LIBREVILLE (Reuters) - Wheelchair-bound Gabon President Ali Bongo chatted and smiled with ministers on state television on Tuesday after returning from a stroke-induced medical leave during which the army foiled a coup attempt.
Bongo suffered the stroke at a conference in Saudi Arabia on Oct. 24 and was recuperating in Morocco from November. He returned home on Monday night.
The government initially gave contradictory reports on his well-being and rumors of poor health spread during the secretive absence. Frustration boiled over when a small band of soldiers briefly took over state radio last week and called for him to step aside.
Bongo has appeared in choreographed television clips in recent weeks, including a New Year’s address in which he slurred his speech and appeared unable to move his right arm.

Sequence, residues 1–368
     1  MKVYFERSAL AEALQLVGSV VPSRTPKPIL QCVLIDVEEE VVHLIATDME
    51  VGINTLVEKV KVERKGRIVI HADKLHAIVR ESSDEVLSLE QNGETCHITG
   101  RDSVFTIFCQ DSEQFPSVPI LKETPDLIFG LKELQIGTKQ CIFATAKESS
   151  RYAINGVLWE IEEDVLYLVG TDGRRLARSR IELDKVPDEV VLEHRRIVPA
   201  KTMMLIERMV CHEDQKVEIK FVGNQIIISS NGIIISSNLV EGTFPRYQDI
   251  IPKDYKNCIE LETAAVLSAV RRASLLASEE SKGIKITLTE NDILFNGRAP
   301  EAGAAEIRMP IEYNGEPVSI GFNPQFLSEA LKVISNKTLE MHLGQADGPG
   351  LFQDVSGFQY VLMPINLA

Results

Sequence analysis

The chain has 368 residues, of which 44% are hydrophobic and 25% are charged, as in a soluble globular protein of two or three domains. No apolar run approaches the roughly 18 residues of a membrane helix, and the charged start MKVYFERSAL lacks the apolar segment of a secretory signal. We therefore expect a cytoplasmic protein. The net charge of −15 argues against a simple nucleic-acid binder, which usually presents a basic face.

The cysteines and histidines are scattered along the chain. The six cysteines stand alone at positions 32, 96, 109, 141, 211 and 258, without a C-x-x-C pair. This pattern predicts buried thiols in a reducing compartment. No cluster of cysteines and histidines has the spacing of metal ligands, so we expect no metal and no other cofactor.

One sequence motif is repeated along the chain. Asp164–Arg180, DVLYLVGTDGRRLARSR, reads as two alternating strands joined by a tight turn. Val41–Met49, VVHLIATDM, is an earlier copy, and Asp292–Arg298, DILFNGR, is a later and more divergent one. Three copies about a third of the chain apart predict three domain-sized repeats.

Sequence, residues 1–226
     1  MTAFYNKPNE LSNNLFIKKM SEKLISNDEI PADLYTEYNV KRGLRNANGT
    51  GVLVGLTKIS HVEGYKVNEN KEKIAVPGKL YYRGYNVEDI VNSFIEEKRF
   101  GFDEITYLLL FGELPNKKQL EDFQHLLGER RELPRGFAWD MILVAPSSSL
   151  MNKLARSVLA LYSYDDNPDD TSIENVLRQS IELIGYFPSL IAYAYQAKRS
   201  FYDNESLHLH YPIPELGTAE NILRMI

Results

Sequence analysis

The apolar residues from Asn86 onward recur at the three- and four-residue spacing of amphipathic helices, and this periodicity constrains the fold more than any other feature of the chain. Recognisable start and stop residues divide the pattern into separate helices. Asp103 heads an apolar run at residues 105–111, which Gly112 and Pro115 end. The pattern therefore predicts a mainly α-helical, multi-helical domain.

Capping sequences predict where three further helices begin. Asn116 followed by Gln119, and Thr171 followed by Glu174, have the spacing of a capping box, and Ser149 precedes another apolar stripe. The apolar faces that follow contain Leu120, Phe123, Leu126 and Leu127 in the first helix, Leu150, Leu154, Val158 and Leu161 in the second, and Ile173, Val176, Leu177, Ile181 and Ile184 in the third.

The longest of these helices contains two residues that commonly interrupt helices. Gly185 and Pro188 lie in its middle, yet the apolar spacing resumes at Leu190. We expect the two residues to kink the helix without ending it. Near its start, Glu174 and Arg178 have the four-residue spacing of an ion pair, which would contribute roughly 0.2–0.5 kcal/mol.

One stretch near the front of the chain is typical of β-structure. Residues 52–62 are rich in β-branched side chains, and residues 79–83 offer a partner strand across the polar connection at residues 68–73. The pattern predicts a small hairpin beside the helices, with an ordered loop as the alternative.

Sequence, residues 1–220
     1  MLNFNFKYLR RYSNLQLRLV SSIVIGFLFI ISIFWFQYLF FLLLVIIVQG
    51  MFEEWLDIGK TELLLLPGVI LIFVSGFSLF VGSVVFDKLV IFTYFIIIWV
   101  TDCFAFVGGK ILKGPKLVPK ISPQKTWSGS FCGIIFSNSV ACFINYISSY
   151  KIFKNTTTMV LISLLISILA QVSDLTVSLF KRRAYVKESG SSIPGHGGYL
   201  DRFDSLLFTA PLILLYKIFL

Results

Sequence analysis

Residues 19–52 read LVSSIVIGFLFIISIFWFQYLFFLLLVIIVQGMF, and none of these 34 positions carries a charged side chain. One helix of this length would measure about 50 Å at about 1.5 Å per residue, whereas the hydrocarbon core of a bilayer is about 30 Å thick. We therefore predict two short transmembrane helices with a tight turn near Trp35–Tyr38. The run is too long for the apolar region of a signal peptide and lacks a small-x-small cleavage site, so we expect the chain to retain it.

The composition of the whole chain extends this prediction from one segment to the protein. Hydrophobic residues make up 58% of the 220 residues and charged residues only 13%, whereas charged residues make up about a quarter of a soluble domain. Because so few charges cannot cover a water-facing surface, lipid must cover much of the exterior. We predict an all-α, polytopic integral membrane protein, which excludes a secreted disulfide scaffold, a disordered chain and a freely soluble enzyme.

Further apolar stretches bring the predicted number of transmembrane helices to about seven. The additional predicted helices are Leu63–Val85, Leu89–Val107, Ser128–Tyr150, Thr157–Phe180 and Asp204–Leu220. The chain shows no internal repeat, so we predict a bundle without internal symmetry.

Television images seen on Tuesday, which included the swearing-in of his new government, showed Bongo engaging in conversation. But his right arm was motionless and his facial expression mostly fixed. The footage is unlikely to put to rest questions about the president’s ability to govern.
The Bongo family has ruled Gabon for over 50 years. AliBongo took over upon his father Omar’s death in 2009. Ali Bongowon re-election in 2016 by fewer than 6,000 votes amid widespread accusations of fraud, sparking deadly clashes between protesters and police during which the parliament was torched.
Reporting by Geraud Wilfried Obangome; Writing by Juliette Jabkhiro; Editing by Edward McAllister/Mark Heinrich